Chris, a co-worker at my day job, teased me for two years with the possibility that he’d sell his MR2. It had been in his family since new, first bought in 1986 by his uncle and handed down to his brother and himself later on. It was a car they enjoyed during their college years, and Chris had kept it since. I occasionally spotted it in the parking lot. He’s a family man and not much of a car guy, so “occasionally” is all the exercise it got. We’d always chat a bit about how it’s slow, but fun to drive. I introduced him to the adage, “It’s more fun to drive a slow car fast than to drive a fast car slow”—pardon the grammar.
It wasn’t until this year, when he was looking for a vehicle for his own son to take to college, that the move to sell became a real one. He’d put a lot of money into the MR2, primarily in a stereo, a total A/C revamp, and a fresh coat of paint for the green half. He was hoping to convince his son—whose lead question was, “Does it have Bluetooth?”—to take the MR2 to college. But the car came upon one more need, which Auto Repair Chain quoted at $700 for a “brake manifold or something.”
This was the last straw. Chris was tired of sinking money into a car his son didn’t really want, and, having no idea what it was worth, finally offered it to me. (He bought his son a used Camry.) All he knew about the problem was that the brake light was on, and the pedal had gone to the floor at some point, which was when they had it towed to the shop for that quote. I said I’d take a look, and told my wife this car was a potential fix-and-flip prospect for a bit of extra cash. She approved, on condition of temporaryness.
I thought it an easy hedge: Even if the repair turned expensive or other surprise problems came up, I could still likely break even—and it would give me the chance to drive one of Toyota’s more iconic and interesting cars. In an era of 165-horsepower V8 Mustangs, this little twin-cam Japanese motor was a 112-horsepower revelation. It redlines at 7,500 RPM and sounds pretty good the whole way there.
This MR2 was a complete, clean car, but not a museum piece. The upper paint job wasn’t perfect and the lower half showed its decades of wear. The passenger-side power window clunked and jerked through its travel. The leather driver’s seat was cracked, necessitating an ugly and poor-fitting pair of aftermarket seat covers. It leaked oil.
It was a survivor. A driver. A driver that thankfully had spent most of its life in Florida and was almost entirely free of rust.
Of course I bought it.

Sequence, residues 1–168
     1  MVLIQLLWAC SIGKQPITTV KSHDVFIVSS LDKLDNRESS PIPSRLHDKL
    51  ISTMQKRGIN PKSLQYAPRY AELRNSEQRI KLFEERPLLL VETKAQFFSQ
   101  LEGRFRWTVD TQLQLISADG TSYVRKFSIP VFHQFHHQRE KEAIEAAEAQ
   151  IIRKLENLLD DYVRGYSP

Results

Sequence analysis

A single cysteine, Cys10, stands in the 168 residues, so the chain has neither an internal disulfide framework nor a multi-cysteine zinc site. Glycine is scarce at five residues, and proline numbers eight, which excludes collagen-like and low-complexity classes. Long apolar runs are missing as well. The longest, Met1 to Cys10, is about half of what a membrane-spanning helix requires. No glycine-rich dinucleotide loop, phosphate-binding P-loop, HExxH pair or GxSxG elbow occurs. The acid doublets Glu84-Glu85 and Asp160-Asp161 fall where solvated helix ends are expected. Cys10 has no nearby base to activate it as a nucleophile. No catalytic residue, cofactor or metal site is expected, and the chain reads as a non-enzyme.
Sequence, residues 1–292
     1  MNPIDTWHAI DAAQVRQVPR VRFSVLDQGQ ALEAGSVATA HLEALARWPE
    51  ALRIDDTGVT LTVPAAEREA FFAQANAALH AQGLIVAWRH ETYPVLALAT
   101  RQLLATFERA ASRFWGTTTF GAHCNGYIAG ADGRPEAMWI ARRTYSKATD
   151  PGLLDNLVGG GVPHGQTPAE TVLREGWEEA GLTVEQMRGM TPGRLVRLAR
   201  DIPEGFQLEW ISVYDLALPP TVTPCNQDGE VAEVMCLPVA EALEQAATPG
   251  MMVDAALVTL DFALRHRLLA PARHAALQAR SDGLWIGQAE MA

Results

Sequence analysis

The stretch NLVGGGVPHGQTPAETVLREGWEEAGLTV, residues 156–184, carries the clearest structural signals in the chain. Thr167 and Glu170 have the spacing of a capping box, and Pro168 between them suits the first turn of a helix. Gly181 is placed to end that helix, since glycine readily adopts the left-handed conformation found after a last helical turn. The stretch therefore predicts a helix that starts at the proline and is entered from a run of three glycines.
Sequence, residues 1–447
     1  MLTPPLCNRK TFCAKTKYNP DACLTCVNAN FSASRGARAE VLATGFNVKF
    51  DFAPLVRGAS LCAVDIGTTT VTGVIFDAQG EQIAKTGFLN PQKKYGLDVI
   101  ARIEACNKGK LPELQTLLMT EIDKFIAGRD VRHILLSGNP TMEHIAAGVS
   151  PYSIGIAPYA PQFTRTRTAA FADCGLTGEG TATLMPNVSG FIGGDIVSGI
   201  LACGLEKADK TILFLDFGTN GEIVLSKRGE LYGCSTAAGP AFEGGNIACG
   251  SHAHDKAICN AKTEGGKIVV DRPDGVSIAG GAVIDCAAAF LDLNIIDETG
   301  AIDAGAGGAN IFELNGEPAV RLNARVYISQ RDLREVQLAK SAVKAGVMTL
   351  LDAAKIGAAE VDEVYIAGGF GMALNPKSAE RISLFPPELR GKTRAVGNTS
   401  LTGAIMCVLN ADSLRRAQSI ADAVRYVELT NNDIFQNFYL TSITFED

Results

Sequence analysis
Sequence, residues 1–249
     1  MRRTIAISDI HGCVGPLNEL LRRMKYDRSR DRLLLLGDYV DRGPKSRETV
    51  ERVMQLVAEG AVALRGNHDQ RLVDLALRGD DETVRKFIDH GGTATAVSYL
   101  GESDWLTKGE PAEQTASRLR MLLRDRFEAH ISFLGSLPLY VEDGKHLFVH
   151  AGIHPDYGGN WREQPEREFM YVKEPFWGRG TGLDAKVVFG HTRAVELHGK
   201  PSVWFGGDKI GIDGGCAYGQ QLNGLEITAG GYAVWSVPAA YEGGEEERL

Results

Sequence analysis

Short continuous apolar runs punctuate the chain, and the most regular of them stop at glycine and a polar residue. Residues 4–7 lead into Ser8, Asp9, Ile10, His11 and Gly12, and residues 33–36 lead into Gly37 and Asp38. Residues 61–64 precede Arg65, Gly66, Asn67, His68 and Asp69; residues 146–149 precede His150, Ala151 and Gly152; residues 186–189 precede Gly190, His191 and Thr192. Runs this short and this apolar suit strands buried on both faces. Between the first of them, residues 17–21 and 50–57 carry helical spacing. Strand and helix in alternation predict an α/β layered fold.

I slowly drove it home, taking only side streets, and parked it next to a regrettable mid-engine decision. I returned that free Fiero to its proper owner shortly thereafter.
Looking it over, I thought it was strange for a Toyota to have such a Pontiac-esque badge.
I had been worried that Auto Repair Chain knew something I didn’t, but after inspecting every other brake system component and finding nothing wrong, I popped the master cylinder loose from the booster and—ta-daaa—confirmed my original suspicion.
Just a hundred bucks for a new master cylinder and some brake fluid took care of the brakes.
Of course, I then spent several hours over the following nights trying to figure out why the brake warning light wouldn’t turn off. I opened up the center console and checked wiring, switches, diagrams, and scoured the Internet for things that might not have been documented in repair manuals. I was getting close to ordering a new ECU when I discovered that on this car, the brake warning light stays on until you actually start the car. Merely putting the ignition switch to ON is not enough.
The ’80s was a weird time.
It was then that I could start driving it and shake out its other needs. It was long overdue for a tune-up. I found leaking oil cooler hoses. It needed more Freon. It needed new sway bar links. Something’s rattling around in the blower motor.
But the tires are new, the brakes are in excellent shape, the windows are tinted, and the stereo works. My wife even kind of likes it. But, as I mentioned in my Subaru Justy SOTU update, I have too many cars. I might have an RX-8 on the way soon.
I’ve enjoyed this car—this experience—in the last few months. It’s quick, it handles well, and it makes my driveway look like I live in the wrong decade. The novel layout makes it interesting to work on. The interior is of another era, and I’ve enjoyed exploring the style and ergonomics trends of geometric futurism (a term I just made up). My daughter likes riding in it, but she hates the seat belt buzzer.
But if I have to pick between the MR2 and the Justy, I’ll take the latter. The Subaru is more practical, it’s a bit more weird, it’s still a riot to drive, and it’s better suited to my lifestyle. The bike rack is pretty awkward on an MR2.
I’ve had my fun. Soon it’ll be time to let it go.
[Photos copyright 2017 Alan Cesar | Hooniverse]
Project Car SOTU: (Hopefully) Brief Ownership of an AW11
7 responses to “Project Car SOTU: (Hopefully) Brief Ownership of an AW11”
never understood the AW11 until a freind of mine here in Texas bought a perfect turqoise ’86. it feels so much more structurally solid than i expected, and it revs so smoothly all the way to redline.
i think i expected a floppy chassis after owning an NA Miata, and i expected a torquey but un-revvy four after owning an SW20 MR2. the AW11 combines the best attributes of those two cars and adds in the 4AGE engine that actually likes to rev, unlike the 1.8 BP or the 5SFE.
i think i’d still rather have another NA, for its forgiving handling and easy maintenance. but i totally understand the AW11.
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